Learn, sweat or steal: a theory of development and the activity of children
Irving Rosales ()
Working Papers from Universidad Iberoamericana, Department of Economics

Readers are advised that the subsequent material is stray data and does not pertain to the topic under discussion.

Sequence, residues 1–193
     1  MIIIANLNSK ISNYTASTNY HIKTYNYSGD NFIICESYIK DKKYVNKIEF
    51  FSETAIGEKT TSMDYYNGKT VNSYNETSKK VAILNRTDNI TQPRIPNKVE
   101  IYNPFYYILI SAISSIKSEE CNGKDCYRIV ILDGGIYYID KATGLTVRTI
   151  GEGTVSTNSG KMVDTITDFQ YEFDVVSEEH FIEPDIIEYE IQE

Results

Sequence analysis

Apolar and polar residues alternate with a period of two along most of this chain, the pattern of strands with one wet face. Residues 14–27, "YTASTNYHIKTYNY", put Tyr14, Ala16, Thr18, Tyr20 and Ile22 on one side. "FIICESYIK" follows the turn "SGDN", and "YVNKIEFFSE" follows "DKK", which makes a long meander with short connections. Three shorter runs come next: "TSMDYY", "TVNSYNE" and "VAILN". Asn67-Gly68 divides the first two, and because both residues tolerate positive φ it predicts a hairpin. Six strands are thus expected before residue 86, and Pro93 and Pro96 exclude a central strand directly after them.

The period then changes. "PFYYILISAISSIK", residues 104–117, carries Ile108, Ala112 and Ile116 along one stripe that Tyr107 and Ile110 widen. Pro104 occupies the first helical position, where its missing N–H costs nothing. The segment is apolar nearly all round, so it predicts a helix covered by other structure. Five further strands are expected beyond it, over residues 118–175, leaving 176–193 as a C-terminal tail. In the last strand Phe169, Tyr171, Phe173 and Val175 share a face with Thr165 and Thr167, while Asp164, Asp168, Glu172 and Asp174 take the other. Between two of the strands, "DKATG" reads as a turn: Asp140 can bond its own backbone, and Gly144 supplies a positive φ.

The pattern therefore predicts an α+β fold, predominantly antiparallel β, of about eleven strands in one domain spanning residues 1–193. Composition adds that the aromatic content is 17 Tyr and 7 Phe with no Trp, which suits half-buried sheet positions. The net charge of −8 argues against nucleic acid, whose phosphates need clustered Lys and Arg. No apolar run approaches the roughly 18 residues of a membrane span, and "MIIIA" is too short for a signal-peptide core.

I explore the effects credit market imperfections and institutional quality -security of property rights and quality of education- have on the joint distribution of schooling, child labor and child crime in developing countries. To that end, I develop and analyze an overlapping generations model of endogenous growth and inequality in the distribution of human capital. In this context, I argue that banning child labor permanently in countries with poor institutions unambiguously harms the working children living in the poorest households. The insight is that the poor institutional quality leads the poorest households to face a tradeoff for their child´s activities not between work and school, but between work and crime. Accordingly, the ban leads those children into crime. In turn, once these children are adults, their own children will be involved into crime, and so on, negatively affecting everyone in the long run. Furthermore, even a temporary ban on child labor can have a permanent negative effect on everyone´s welfare if the quality of education is sufficiently poor. Finally, I argue that investing on the institutional quality of the economy benefits all generations of children if this investment is financed by those households with the largest levels of income.
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